The nature of betting is that downswings will happen.
Especially if you’re mainly betting on sports where most selections have fairly high odds such as horse racing.
Even if you are a profitable bettor over the long term, if you’re regularly betting on odds greater than evens, you will lose more bets than you win.
Sometimes a lot more!
I just took a quick glance at the Winners Odds tipster portfolio and despite it being a profitable portfolio, the average strike rate is only around 30%.
You can see for yourself here: http://winnersodds.com/tipster-portfolio
That means on average, for every 100 bets placed, 70 of them are going to be losers.
So how can you deal with that?
Since you can’t avoid losing runs, the next best thing is to be able to accept them.
You can limit the damage to your bankroll from losing runs by putting a sensible bankroll management strategy in place.
But whilst this sort of mathematical approach to betting is great, it doesn’t always consider the mental strain that losing runs can cause.
So here’s a little trick you can use that does take that into account that could make you a much happier bettor.
Regardless of how much you are betting at the moment, for the next two or three months, drop your stake size down to micro stakes.
I’m talking the likes of 10 or 20 pence.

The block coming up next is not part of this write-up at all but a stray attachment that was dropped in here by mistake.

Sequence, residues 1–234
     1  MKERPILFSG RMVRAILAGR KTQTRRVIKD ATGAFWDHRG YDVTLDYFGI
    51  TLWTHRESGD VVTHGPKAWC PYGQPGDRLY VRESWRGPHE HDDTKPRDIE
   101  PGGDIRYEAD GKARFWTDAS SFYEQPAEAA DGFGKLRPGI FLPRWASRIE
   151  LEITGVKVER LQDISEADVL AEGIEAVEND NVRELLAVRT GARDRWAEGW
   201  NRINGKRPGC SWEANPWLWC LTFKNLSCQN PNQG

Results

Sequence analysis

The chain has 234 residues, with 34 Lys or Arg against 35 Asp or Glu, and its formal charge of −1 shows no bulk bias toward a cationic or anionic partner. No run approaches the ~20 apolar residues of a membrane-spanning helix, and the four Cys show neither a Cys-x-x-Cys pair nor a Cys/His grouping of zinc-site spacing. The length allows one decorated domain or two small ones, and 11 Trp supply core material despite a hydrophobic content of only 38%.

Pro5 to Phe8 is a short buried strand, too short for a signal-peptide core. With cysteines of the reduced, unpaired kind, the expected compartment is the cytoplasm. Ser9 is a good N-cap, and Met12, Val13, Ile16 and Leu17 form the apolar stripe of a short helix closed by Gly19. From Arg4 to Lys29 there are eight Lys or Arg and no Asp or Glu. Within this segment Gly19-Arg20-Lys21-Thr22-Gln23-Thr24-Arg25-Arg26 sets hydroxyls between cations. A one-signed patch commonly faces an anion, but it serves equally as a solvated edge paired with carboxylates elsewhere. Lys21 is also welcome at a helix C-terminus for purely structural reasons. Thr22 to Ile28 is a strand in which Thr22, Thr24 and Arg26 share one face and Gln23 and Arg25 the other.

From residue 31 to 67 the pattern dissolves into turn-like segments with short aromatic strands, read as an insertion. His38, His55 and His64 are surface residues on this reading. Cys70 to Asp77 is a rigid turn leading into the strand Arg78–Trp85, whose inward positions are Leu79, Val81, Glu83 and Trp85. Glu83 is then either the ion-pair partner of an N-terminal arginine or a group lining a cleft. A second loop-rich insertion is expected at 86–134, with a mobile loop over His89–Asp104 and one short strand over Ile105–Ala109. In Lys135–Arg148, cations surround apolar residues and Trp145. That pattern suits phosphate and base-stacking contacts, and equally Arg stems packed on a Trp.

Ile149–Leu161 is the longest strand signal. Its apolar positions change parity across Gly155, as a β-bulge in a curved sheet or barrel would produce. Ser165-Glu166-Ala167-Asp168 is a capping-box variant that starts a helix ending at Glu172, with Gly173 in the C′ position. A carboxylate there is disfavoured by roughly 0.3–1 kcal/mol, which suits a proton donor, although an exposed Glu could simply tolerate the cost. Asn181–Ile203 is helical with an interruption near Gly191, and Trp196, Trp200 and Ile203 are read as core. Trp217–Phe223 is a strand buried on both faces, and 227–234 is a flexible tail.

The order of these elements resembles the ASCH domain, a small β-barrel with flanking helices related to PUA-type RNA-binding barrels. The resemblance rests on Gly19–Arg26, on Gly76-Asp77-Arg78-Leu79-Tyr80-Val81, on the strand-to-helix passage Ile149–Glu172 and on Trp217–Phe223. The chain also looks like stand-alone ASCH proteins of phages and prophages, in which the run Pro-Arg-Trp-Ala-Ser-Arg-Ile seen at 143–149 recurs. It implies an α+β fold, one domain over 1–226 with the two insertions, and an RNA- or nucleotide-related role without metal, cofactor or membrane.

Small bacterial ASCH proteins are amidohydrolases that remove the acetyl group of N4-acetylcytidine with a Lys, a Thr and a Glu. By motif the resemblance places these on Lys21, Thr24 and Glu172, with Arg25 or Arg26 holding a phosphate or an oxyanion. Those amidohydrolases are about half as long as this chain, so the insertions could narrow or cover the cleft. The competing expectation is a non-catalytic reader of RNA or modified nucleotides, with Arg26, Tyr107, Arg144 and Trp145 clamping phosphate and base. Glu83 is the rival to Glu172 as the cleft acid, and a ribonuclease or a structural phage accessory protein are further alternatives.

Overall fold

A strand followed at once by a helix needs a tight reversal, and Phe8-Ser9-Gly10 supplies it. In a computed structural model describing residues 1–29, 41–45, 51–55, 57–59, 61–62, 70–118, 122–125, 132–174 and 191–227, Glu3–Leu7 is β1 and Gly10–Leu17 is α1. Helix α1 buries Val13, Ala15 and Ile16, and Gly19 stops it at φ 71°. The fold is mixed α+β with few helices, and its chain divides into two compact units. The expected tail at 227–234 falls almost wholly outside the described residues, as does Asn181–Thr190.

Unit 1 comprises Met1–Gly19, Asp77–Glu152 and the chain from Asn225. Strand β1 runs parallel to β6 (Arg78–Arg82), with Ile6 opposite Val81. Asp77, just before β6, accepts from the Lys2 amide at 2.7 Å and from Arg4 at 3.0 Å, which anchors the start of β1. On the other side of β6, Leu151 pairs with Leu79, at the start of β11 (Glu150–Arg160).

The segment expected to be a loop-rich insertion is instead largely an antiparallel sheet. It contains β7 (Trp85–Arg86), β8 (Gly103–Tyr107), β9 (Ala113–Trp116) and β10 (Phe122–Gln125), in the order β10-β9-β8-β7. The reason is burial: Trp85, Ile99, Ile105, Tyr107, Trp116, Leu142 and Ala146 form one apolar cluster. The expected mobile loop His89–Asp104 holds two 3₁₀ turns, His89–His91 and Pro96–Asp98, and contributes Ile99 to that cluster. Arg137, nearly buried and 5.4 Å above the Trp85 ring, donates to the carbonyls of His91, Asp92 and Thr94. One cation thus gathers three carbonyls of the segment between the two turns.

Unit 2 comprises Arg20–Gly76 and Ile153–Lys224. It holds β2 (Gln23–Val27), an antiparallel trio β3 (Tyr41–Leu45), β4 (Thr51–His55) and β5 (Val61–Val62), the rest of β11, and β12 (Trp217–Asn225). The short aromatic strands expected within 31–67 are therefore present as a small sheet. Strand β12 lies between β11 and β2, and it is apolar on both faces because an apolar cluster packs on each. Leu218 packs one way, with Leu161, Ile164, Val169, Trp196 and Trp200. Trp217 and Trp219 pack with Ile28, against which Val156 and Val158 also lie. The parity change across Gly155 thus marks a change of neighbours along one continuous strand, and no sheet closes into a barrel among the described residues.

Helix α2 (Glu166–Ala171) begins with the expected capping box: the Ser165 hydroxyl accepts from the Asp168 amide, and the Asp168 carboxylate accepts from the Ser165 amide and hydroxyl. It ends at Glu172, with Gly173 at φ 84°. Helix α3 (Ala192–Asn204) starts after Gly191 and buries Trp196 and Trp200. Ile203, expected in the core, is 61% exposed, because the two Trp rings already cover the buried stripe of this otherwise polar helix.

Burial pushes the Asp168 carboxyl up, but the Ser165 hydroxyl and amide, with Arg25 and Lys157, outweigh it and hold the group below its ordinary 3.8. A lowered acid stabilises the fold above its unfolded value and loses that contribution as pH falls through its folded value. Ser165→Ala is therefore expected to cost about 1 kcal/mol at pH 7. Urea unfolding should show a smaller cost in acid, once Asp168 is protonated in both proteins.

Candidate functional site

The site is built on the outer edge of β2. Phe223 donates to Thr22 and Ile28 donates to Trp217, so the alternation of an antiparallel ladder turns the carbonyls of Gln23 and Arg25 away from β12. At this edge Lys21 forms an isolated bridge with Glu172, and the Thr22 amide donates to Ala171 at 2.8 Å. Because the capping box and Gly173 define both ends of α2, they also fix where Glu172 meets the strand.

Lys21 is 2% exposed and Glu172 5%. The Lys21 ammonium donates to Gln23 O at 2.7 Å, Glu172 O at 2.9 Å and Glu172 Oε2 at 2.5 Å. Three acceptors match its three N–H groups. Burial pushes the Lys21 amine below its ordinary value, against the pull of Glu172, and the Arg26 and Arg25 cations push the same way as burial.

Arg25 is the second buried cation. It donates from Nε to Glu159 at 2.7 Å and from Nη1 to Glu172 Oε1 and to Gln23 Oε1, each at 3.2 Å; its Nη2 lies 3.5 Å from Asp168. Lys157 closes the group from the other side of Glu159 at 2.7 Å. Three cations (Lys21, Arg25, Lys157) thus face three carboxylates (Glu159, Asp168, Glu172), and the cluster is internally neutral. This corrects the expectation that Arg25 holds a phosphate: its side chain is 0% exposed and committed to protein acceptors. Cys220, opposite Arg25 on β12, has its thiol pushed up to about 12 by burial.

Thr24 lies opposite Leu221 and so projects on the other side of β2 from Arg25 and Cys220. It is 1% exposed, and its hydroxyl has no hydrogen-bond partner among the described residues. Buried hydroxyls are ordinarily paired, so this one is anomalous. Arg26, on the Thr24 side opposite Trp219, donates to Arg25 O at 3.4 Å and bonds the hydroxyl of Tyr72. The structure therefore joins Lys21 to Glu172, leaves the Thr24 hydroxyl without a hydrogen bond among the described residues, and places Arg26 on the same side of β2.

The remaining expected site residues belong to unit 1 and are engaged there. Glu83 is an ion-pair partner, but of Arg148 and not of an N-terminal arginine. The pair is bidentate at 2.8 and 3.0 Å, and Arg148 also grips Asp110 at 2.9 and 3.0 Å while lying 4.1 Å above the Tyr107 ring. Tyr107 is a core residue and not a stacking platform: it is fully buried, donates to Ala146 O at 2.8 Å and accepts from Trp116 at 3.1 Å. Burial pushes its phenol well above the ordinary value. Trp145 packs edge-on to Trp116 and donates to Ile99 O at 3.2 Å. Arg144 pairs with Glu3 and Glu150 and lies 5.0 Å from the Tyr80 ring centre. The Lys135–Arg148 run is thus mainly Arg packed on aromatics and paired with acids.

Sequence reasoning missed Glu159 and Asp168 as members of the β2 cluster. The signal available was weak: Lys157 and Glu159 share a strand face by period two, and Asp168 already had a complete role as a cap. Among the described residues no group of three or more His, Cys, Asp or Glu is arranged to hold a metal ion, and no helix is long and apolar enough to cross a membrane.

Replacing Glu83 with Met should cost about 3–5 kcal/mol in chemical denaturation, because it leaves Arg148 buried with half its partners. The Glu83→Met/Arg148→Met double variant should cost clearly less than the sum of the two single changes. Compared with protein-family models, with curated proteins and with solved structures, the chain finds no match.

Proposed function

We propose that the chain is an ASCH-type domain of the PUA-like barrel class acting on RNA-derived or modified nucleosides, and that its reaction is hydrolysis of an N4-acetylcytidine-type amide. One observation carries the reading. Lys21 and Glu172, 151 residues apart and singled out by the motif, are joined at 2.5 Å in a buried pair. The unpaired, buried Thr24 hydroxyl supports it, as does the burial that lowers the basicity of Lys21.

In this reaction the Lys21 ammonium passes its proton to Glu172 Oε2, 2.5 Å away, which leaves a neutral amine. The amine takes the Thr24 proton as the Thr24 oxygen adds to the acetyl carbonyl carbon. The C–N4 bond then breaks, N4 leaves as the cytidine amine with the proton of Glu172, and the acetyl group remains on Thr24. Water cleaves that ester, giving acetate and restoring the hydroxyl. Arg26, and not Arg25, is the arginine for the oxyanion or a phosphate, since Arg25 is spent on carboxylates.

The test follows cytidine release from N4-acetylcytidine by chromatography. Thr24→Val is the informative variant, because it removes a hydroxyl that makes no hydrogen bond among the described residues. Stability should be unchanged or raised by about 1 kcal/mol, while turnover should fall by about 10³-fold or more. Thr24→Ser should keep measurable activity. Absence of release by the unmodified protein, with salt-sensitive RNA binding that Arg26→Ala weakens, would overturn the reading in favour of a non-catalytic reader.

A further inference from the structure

Over this period, record all of your bets and take a look at how long your biggest losing run was.
Because two or three months is a fairly short time frame and therefore a relatively low sample size of bets I want you to take the total amount lost in your longest losing run and double it.
Finally, multiply that last figure up to the size of stakes you would normally be betting.
If you were betting 0.10p and you usually bet £10.00 then multiply by 100… if your normal stakes are £20 then multiply by 200 etc.
Take a look at that final figure and ask yourself, would I be comfortable with losing this amount of money or is this something I would worry about?
If you could comfortably lose that amount of money, great.
But, if losing that amount of money is something that would worry you it is time to think about lowering your usual stake size.
If you already record your results you don’t necessarily have to do a three month experiment to work this out.
You could just look at your longest losing run over the past few months and double it.
The main thing is that you think about it and make adjustments where you need to.
Because regardless of whether you think about it or not, the losing runs are going to happen and you’re going to be a lot less worried when they do if you are prepared for them.
The old saying “failing to prepare is preparing to fail” couldn’t ring more true here.
You’ve got to endure the losing runs to reap the rewards of the long term profits.
Until next time,